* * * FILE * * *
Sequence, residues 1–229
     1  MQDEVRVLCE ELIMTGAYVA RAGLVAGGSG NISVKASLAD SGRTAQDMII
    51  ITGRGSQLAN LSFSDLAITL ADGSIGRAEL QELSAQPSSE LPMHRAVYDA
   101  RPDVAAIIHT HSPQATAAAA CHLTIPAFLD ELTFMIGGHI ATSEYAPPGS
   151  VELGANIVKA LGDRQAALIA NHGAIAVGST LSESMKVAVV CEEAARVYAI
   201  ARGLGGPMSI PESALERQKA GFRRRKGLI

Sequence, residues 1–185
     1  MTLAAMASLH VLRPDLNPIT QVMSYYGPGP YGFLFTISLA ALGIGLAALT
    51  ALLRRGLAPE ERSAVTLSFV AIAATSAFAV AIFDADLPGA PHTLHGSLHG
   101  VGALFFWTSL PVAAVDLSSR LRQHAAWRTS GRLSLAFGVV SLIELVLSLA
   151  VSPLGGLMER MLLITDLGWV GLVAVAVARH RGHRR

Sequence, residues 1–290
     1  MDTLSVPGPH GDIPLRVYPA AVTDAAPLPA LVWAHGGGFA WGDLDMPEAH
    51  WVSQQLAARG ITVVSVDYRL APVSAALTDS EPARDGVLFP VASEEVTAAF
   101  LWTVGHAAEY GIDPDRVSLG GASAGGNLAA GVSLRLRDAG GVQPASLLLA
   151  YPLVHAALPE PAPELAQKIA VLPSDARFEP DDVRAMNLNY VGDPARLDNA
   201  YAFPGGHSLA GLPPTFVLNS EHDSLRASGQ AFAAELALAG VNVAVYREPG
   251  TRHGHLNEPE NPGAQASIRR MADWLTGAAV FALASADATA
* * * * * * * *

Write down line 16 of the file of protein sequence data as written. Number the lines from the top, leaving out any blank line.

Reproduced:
   151  YPLVHAALPE PAPELAQKIA VLPSDARFEP DDVRAMNLNY VGDPARLDNA